And with the recent increase of activity in the commercial office market it would appear that furniture companies are providing more and more free of charge in the hope of winning the furniture contract.
Mike Swalwell, chief executive of Paragon Business Furniture speaks for many when he says it is “all part of the cost of doing business” in this competitive market.
Others disagree. Kevin Higgins, Survey and Design manager at Flexiform Business Furniture has an in-house design team which is split between furniture and planning, storage and survey. “A lot of the time we are within one to three of getting the job before we reach planning stage” he says, but he nevertheless feels “it is rather stupid to ask companies to duplicate the work to get to the quoting stage… it is a waste of money and resources”. However, he continues, “if you go for the multi-million pound jobs, you have to risk it… and there aren’t many jobs that we don’t get”.
There are also other services coming on to the market such as the new space planning software package recently launched by Paragon. Aimed at small to medium companies, this tool allows clients to design, configure and cost a layout on their own PC – while Paragon sales staff are employed more lucratively on larger contracts. Accompanying this is an A4 book with typical layouts for different types and sizes of department, plus pictures and specifications of the furniture available. It’s a clever idea, but one that is a million miles away from the MCM philosophy that “space planning is part of the design process” and Scrivener’s argument that “desk layout should be related to the fabric of the building. It shouldn’t take over.”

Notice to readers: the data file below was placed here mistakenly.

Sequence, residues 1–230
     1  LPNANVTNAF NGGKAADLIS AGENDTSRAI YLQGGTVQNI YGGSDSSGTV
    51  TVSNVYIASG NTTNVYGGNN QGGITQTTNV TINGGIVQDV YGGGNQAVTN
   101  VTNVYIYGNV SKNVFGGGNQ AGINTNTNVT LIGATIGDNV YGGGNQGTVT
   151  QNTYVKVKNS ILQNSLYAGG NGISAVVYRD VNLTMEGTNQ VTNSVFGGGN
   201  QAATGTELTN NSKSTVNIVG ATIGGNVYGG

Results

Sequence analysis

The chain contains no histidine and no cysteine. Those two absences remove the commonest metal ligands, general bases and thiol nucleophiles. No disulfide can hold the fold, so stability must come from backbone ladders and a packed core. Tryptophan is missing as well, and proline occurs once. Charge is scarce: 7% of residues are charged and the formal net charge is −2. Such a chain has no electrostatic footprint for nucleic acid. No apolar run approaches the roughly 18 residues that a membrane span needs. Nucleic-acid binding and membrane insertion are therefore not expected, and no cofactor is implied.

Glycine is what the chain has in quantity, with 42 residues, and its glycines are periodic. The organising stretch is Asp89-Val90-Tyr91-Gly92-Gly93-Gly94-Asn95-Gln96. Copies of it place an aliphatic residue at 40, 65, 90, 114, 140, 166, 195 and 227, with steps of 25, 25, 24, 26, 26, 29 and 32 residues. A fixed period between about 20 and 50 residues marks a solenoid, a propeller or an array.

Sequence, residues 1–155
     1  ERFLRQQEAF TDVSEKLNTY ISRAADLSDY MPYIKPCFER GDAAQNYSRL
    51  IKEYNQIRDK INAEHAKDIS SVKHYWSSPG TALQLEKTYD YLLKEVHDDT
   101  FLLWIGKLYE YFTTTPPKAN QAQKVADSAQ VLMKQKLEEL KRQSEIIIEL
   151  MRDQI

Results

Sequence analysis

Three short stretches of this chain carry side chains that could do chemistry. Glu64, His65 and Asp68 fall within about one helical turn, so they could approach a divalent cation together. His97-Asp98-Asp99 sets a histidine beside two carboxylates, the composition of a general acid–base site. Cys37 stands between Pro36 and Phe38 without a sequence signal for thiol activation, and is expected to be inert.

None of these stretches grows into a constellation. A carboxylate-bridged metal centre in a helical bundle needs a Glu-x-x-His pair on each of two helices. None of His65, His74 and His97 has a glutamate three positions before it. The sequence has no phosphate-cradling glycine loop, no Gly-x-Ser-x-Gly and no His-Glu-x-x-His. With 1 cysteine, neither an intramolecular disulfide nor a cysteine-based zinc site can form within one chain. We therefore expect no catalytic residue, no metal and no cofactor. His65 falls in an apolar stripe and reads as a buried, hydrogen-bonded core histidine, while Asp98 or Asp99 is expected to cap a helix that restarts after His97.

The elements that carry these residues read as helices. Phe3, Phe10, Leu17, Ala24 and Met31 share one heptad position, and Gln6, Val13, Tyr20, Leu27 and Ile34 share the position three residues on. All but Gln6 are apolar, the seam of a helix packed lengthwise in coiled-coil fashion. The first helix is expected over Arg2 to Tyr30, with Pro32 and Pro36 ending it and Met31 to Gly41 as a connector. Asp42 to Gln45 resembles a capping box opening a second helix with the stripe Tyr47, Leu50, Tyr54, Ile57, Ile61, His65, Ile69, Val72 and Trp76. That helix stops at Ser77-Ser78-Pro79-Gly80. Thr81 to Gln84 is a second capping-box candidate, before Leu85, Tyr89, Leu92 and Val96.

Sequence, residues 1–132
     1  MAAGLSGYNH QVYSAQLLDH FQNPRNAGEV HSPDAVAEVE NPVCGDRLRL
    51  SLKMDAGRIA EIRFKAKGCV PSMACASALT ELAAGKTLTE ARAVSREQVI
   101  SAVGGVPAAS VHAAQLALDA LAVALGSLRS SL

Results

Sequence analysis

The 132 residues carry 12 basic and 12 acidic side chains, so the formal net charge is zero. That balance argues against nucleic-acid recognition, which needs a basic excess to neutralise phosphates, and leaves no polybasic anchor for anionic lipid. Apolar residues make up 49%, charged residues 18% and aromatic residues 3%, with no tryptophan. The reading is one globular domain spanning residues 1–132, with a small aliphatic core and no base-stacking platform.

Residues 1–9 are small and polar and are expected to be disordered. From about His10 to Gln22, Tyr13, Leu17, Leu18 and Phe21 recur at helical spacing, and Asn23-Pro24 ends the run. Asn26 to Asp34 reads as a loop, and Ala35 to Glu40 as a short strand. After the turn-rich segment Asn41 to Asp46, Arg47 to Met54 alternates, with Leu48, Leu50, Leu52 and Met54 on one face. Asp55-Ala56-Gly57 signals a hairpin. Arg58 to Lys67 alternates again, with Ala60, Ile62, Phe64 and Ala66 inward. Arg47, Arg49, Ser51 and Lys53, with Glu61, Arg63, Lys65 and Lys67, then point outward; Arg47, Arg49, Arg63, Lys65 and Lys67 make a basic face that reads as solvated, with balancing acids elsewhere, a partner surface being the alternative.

The facilities manager would seem to agree. “In a working environment, furniture is just one element of supporting an activity” says Steve Burton, head of workplace consultancy at management consultancy CBX. “Sure, the furniture company knows its systems very well, but that has to be balanced against the right solution to create the right environment. We work on behalf of a lot of large corporations managing their space over a period of time, and unlike the furniture manufacturers, we see the whole lifecycle of the furniture.”
And the client view on office planning? Ken Beedle, Head of External Affairs at Halliburton Brown & Root believes that you need expert advice. “We relocated from 10-12 offices in Wimbledon into a new headquarters building in Leatherhead, and in doing so we made the decision to move away from the traditional cellular office space to an open-plan environment. There came a point when we realised how important it was to get that open-plan designed correctly. DEGW looked at the use of space and did a full analysis so that we could decide who would be located where, and what functions would best sit next to each other. The result made us aware that a lot of senior managers do a lot of travelling and that a high proportion of staff are out of the office at any one time. So we’ve introduced touch-down desks and shared desks within the office environment.”
“It’s all about getting the best out of the open-plan space” says Beedle, and he adds that in this case “it also helped us with the car parking requirements”.